Supermarket 1

Do you see it?  Do you see what’s happening here?  Let me help, just in case you’re lost:

Okay, so now you get it.  I suppose Nikki doesn’t pay the woman in the orange dress to stop people from sabotaging the machinery.  Hell, Nikki doesn’t really pay her at all.  She purchased her for $1,200.  One-time fee.  I imagine Orange Dress would politely ask Torg not to crush the machinery if only she were allowed a paycheck or a union-mandated break.

That’s all I’ve got!  We’re going to move on to a more serious subject next time.  Fair warning.

 

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A Simple Little Flow Chart

I was thinking a lot recently about cliches and how hard it is to avoid them.  Romantic cliches are particularly tricky.  In order to illustrate this, I decided to create a nice, little flow chart that explores some (but not all) of the common romantic plot lines that can be found in books and movies.

You’re gonna want to click on that image to make it bigger, obviously.  Don’t worry — it’ll open in a new tab.  You should also be able to click on it once it’s open in a new tab to zoom it in even more.  I think you’ll be happier with it then.  Have fun!

Boy-Meets-Girl-Flowchart

Please note the disclaimer in red in the lower left corner.  I just couldn’t cover everything.  This process was exhausting enough as it was.  Hell, the computerized version wasn’t even my first draft.  I did it all on paper first.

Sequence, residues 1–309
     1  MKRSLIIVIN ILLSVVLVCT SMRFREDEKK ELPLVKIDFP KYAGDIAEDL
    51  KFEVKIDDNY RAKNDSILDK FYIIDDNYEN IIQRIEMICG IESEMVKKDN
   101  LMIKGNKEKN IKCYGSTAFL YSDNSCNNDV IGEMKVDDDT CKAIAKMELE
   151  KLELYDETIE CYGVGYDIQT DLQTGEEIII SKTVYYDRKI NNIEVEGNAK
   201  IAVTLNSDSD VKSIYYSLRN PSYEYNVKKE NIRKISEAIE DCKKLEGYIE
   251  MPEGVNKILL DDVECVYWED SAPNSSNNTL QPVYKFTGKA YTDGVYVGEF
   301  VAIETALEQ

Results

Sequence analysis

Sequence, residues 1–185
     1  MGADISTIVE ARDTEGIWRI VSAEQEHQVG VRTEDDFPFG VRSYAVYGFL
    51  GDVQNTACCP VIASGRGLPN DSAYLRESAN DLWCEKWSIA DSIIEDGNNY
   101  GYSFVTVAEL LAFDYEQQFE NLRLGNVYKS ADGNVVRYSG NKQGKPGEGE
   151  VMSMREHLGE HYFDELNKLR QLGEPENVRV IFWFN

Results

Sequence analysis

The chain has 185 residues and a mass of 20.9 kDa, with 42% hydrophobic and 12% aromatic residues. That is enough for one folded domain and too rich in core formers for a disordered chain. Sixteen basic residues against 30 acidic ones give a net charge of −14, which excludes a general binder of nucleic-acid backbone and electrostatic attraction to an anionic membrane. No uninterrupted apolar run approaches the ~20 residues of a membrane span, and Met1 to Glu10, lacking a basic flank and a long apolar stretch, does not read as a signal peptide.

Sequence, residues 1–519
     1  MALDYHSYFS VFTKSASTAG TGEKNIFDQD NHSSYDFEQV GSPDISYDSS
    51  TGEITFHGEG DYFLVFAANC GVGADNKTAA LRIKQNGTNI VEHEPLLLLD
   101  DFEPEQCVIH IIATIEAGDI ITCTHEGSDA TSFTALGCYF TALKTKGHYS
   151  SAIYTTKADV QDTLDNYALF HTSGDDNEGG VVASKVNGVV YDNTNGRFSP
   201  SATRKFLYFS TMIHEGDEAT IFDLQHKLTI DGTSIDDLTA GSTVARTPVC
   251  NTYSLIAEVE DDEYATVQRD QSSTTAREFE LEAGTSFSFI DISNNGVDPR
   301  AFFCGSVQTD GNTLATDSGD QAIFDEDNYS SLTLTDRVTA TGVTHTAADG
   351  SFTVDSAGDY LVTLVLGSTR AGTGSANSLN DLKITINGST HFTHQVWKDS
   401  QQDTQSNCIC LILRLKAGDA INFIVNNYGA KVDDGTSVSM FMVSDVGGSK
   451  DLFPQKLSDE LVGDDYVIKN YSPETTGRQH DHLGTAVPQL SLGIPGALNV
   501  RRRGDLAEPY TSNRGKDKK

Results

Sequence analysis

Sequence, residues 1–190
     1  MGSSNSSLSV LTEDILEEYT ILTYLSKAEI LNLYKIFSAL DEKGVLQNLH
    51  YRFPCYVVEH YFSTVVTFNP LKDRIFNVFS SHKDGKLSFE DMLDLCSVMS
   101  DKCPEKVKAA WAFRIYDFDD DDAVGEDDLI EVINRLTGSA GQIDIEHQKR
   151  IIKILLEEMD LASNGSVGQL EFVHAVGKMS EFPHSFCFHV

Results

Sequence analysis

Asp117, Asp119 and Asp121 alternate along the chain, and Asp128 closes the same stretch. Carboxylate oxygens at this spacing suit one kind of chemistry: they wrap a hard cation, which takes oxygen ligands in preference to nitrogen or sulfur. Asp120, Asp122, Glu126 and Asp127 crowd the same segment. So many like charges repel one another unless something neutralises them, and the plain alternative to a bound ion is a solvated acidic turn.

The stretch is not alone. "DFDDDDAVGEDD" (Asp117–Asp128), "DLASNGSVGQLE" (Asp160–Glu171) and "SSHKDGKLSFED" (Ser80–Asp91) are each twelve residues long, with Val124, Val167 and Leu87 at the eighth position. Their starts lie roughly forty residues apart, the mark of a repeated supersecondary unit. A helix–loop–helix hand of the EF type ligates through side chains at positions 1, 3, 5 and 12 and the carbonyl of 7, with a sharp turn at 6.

See?

I threw my ruler on there for a size reference.  I had no banana for scale.  (Very few people are going to get that reference, I fear)

I threw my ruler on there for a size reference. I had no banana for scale. (Very few people are going to get that reference, I fear)

But the reason I did this was to show you that avoiding cliches is hard, and you shouldn’t be expected to do it perfectly.  That’s why I talk about taking a cliche and making it your own.  At this point there aren’t many more options.  You’ll note I didn’t really have examples for the “They’re both gay” storyline.  That could use some exploring.  And, of course, my own novels — Hellbound, Grotesque, and The Dreamcatchers — can be found in there.  Because I am not above these cliches at all.  I just try to make them as fresh as possible.  You will also note that many titles appeared multiple times.  That just serves to further illustrate how complicated something as seemingly simple as a relationship between two people can get.  It might also help you to develop some ideas for your own characters and stories, I hope.  Try exploring multiple story arcs at once, or turning a cliche on its head.

Also I did not include the following story line for what I hope are obvious reasons.

Boy and Girl Meet —-> They do not develop a relationship —-> They never see each other again

In a story, if you bring up two people meeting, it has to be relevant somehow.  So….yeah.

I want to talk a little bit about the art of criticism next, so that’ll be coming up.

Ta ta for now!